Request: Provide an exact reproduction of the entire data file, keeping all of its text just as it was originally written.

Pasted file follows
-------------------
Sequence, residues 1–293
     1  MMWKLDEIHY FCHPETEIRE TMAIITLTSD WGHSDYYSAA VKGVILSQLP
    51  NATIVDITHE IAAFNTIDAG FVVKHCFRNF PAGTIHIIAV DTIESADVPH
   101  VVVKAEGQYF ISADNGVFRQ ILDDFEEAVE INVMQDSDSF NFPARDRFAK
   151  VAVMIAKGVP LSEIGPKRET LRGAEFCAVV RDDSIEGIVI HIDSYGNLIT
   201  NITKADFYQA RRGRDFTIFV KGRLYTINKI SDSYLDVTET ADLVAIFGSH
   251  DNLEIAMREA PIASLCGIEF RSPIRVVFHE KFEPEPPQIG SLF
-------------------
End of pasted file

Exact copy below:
Sequence, residues 1–293
     1  MMWKLDEIHY FCHPETEIRE TMAIITLTSD WGHSDYYSAA VKGVILSQLP
    51  NATIVDITHE IAAFNTIDAG FVVKHCFRNF PAGTIHIIAV DTIESADVPH
   101  VVVKAEGQYF ISADNGVFRQ ILDDFEEAVE INVMQDSDSF NFPARDRFAK
   151  VAVMIAKGVP LSEIGPKRET LRGAEFCAVV RDDSIEGIVI HIDSYGNLIT
   201  NITKADFYQA RRGRDFTIFV KGRLYTINKI SDSYLDVTET ADLVAIFGSH
   251  DNLEIAMREA PIASLCGIEF RSPIRVVFHE KFEPEPPQIG SLF